Kuwait’s new Oil Minister Mustafa al-Shimali, appointed earlier this week after last month’s parliamentary elections, faces hard parliamentary obstacles to driving through a backlog of upstream and refinery mega-projects. But he has confronted parliament before – as finance minister – and is a tenacious veteran. Mr Shimali, crucially, enjoys the support of the CEO and board of state-owned Kuwait Petroleum Corporation (KPC). Mr Shimali had been acting oil minister since the resignation of Hani Husain, forced out under parliamentary pressure (MEES, 31 May).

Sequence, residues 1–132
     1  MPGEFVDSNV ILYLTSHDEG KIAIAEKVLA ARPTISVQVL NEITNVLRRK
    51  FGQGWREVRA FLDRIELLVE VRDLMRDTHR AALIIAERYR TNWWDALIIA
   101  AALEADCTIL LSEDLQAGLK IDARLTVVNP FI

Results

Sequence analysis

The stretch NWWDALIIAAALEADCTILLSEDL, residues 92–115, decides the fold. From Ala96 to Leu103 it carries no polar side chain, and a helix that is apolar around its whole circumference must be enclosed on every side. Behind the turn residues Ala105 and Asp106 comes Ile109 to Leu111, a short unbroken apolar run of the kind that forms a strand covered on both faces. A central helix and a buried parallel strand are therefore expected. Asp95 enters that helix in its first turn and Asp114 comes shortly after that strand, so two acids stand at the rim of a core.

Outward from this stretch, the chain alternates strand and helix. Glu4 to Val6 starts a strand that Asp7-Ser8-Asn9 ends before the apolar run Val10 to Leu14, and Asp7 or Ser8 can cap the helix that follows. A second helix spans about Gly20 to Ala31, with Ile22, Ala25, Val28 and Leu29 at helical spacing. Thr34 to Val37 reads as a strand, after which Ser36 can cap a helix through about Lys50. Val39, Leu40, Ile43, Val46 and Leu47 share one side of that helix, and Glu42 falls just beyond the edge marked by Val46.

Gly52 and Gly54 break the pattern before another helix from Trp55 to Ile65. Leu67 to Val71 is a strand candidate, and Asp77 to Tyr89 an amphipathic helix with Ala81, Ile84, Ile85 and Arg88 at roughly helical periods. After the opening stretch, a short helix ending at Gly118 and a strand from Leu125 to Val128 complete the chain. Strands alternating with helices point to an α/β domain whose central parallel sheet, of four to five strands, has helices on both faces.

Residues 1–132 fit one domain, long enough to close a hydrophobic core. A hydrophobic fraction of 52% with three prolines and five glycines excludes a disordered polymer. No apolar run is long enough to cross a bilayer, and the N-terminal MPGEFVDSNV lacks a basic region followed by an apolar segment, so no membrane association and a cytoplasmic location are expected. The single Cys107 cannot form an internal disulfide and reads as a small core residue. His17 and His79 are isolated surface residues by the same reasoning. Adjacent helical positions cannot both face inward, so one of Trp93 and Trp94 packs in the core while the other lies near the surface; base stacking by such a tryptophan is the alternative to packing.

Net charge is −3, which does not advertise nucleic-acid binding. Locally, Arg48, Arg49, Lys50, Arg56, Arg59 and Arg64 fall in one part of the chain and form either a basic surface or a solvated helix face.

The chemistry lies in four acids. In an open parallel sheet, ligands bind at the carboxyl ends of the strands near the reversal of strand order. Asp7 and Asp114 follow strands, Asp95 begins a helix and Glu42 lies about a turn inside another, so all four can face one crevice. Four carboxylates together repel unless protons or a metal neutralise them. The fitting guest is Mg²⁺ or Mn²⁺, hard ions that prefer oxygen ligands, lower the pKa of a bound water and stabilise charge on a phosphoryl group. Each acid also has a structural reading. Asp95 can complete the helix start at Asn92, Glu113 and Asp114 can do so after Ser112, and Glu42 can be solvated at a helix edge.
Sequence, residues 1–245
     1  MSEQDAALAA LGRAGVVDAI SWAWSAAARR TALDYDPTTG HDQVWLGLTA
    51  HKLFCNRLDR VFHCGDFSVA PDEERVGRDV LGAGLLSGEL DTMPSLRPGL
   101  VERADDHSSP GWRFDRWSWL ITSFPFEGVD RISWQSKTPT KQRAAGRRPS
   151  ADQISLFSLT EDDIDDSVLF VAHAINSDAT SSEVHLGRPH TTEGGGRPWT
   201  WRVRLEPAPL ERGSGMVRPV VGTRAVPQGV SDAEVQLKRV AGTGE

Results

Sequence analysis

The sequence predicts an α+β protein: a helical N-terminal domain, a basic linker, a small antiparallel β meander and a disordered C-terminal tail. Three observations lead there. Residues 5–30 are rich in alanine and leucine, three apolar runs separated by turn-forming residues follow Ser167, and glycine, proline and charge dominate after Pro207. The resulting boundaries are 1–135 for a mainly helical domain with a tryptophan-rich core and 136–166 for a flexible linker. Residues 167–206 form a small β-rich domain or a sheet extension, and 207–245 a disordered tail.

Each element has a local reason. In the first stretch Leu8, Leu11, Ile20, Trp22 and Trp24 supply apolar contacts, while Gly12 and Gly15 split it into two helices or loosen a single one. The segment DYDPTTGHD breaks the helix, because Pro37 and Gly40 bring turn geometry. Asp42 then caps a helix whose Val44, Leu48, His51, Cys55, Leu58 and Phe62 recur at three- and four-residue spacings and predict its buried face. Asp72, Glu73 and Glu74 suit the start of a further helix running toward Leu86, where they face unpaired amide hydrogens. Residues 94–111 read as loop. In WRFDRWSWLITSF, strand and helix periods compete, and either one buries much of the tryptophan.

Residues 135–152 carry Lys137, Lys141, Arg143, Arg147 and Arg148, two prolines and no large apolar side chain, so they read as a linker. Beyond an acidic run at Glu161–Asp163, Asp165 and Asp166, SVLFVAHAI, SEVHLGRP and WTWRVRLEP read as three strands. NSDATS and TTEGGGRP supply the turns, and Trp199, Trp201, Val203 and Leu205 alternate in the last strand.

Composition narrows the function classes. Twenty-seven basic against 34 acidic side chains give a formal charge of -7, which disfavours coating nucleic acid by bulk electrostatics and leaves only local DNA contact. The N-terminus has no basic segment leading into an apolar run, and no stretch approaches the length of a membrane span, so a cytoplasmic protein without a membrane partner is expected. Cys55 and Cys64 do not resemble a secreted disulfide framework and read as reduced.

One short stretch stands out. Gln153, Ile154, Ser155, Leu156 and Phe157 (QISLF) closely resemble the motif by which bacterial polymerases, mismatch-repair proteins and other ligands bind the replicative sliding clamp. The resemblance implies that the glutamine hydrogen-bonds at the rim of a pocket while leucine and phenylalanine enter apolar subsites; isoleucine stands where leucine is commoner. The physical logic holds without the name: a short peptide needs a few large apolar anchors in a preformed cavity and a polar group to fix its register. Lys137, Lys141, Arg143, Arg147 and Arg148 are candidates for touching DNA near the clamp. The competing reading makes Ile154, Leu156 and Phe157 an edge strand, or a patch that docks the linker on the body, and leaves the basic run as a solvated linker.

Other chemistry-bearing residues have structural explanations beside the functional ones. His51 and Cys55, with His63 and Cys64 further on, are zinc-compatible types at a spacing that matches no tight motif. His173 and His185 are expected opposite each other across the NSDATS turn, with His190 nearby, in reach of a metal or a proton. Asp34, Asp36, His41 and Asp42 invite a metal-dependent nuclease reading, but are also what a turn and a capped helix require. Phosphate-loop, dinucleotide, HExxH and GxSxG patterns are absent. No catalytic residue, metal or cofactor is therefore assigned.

Mr Shimali has outsmarted parliament before: in May last year he resigned under parliamentary pressure as finance minister to be later reinstated by the prime minister. Nor will he back down in front of parliamentary ‘grillings’ – public quizzing by members of parliament: many ministers have quit first to avoid this. His ‘grilling’ last year over his alleged failing to end financial irregularities at his ministry was an hours-long session. “He’s a tough guy” a contractor tells MEES. A former KPC senior executive adds: “He’s not new to the government nor parliament, so won’t be intimidated by opposition MPs.” (CONTINUED - 789 WORDS)